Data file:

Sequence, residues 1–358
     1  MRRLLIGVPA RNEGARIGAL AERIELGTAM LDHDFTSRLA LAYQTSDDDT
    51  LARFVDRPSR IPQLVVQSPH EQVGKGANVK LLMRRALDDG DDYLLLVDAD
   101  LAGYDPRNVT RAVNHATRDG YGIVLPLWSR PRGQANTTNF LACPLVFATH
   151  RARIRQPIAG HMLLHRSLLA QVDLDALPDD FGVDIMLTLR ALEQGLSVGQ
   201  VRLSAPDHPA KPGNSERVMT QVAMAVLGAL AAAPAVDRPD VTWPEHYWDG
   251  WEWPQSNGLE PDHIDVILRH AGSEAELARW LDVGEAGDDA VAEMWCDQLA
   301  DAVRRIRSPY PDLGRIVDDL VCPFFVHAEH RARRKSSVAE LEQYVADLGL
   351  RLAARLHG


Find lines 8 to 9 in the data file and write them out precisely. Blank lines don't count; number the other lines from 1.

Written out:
   301  DAVRRIRSPY PDLGRIVDDL VCPFFVHAEH RARRKSSVAE LEQYVADLGL
   351  RLAARLHG